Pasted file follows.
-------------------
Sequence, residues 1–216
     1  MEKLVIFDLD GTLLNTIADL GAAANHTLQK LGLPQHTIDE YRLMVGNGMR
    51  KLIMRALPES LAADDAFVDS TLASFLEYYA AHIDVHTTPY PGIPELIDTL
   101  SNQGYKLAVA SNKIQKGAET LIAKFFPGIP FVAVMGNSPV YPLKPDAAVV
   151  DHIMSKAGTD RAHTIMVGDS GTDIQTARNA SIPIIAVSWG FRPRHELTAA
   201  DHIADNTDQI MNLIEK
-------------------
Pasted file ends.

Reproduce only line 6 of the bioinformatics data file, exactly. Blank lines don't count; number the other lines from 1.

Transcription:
   201  DHIADNTDQI MNLIEK